This article appears as part of the Food Matters newsletter.

For weeks, the date of Thursday, September 7 had been circled in my diary as the night of the Scotland Food & Drink Excellence Awards at the Edinburgh International Conference Centre, where hundreds would gather to hear the results of this year's final judging announced.  

One mid-afternoon phone call from a distressed neighbour eager to locate the source of a leak from their ceiling would instead see any plans for a glamourous evening hosted by twinkly-eyed First Dates star Fred Sirieix dashed.  

A frantic bus ride home with heels and dress in tow offered a dismal alternative.  

The next morning, safe in the knowledge that my flat was in fact watertight, I was thrilled to receive a rundown of the night’s winners which included both established businesses and small-scale producers from across the length and breadth of the country.  

From hand-dived Orkney scallops to purveyors of pickled kimchi, these ceremonies are a hive for talent and a worthy way to celebrate those who work tirelessly throughout the year to remain at the top of their game.  

The next major event on the foodie calendar is the Highlands and Islands Food and Drink Awards which will take place in Inverness on Friday, October 27.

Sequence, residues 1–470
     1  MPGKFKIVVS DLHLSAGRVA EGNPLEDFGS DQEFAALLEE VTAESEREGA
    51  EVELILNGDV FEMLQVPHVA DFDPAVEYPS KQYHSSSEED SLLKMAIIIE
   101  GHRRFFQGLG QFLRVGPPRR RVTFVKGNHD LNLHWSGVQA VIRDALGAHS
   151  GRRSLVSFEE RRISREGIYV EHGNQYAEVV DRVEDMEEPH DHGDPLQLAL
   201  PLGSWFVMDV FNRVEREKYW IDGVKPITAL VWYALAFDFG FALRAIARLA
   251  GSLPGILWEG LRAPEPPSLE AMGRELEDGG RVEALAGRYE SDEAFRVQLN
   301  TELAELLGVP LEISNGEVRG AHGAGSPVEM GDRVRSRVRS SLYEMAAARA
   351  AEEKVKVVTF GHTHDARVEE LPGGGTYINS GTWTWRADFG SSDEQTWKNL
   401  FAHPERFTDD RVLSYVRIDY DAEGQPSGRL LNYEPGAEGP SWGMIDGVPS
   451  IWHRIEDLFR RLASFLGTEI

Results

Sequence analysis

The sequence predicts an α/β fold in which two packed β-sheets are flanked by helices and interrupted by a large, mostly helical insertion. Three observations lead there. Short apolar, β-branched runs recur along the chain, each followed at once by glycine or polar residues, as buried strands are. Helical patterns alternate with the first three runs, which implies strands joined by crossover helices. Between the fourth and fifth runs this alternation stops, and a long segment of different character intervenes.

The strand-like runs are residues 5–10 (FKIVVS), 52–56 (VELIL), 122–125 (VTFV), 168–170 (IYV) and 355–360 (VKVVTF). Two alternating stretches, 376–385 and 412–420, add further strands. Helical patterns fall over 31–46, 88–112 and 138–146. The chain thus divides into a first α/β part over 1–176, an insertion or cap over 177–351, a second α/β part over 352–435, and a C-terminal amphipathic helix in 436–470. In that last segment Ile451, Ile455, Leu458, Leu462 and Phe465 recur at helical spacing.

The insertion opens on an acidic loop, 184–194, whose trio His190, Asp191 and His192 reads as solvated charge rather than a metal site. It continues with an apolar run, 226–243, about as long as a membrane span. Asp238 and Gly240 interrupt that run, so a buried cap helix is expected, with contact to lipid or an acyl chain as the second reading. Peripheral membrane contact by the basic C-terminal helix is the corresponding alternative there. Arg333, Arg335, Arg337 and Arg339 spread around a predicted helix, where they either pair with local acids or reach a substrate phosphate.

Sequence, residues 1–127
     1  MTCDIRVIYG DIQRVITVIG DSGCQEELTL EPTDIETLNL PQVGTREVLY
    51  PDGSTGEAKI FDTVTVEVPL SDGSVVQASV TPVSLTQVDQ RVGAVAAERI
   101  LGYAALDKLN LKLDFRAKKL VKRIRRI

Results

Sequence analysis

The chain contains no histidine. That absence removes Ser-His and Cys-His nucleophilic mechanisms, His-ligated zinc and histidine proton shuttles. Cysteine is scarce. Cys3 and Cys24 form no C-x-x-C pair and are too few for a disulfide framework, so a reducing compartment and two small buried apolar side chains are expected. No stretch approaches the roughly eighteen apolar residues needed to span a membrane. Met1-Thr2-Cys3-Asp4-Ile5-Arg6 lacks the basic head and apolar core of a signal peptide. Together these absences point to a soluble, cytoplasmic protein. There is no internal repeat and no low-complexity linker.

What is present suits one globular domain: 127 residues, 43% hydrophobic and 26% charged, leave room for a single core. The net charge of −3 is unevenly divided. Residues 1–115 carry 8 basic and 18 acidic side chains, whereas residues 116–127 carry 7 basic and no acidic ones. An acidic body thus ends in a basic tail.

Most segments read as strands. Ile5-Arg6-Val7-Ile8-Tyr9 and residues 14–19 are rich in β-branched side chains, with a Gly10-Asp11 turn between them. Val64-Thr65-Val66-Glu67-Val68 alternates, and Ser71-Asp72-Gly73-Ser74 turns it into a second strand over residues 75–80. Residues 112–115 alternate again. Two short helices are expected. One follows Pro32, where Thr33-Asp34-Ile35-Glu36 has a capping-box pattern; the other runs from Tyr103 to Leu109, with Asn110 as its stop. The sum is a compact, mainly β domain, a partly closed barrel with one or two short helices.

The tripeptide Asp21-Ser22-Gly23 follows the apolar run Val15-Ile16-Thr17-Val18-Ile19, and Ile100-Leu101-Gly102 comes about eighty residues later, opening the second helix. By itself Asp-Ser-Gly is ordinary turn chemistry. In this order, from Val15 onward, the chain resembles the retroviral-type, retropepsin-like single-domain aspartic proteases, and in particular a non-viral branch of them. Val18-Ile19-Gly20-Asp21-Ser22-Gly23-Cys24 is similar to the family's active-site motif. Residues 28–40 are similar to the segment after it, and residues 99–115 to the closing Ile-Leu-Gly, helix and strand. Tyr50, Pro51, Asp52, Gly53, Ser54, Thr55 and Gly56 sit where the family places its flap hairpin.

Regular readers may have caught last week’s interview with a talented young chef named Otello Calvert, who has been nominated for the highly competitive Best Street Food Award category.  

The Herald:
Despite never having worked in a professional kitchen, Otello made the bold move to invest in and painstakingly refurbish a trailer in 2021 with a view to selling freshly made pasta inspired by his family’s Italian heritage.  Little more than two years later, he has already bagged multiple awards, along with an incredible following of close to 100,000 on TikTok thanks to his videos which document daily life as a one-man street food operation.  

This week, there’s a second tale from a nominee as we share the story of The Original Islay Rum, a pioneering spirit which has been shortlisted for Best Drink.  

A joint venture from a Glasgow-based bottling company and distiller Ben Inglis, the Islay Spirits Company has made waves by setting up shop on an island that is synonymous with whisky.  

Read more:

Food Matters | Sarah Campbell: The tide is finally turning on gruelling, all-or-nothing kitchen work

In conversation with Andrew Crook, managing director of the Vintage Malt Whisky Company, I learned of the impressive vision behind their inaugural release. 

The result of years of planning from Ben, Geal is a single white rum produced at a former lemonade factory in Port Ellen which has now been kitted out with bespoke equipment inspired by the distilleries of the Caribbean.  

When talk turns to Scotland’s food and drink scene, the spotlight is too often reserved for the country’s largest cities, and it’s a joy to see stories like those of Otello or Ben brought to our attention during awards season.  

The next time I receive an invite, I’ll be sure to lend a friend my emergency flat keys.